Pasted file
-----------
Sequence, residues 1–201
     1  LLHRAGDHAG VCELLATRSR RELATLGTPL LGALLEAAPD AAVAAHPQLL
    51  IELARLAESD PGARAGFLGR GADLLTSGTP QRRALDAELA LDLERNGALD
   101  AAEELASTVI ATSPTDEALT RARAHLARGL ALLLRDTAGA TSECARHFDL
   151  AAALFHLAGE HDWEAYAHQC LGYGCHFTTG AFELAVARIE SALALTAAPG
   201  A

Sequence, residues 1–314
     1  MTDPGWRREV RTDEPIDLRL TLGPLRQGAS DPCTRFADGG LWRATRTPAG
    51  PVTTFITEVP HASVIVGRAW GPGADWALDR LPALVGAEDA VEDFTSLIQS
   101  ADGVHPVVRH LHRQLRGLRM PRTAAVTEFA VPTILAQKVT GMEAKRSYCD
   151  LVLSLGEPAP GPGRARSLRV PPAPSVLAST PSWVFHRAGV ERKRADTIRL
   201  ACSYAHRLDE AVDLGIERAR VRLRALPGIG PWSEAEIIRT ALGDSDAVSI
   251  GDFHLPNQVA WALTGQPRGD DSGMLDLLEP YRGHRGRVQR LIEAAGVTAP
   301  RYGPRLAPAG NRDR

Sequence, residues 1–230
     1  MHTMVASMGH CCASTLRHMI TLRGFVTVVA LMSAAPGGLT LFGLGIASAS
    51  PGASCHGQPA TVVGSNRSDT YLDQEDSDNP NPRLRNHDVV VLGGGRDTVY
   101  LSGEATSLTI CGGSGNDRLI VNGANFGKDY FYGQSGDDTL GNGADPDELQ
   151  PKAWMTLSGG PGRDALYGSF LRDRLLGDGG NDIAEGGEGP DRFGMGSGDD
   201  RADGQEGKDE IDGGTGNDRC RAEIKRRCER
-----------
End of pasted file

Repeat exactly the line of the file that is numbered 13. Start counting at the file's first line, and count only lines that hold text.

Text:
   251  GDFHLPNQVA WALTGQPRGD DSGMLDLLEP YRGHRGRVQR LIEAAGVTAP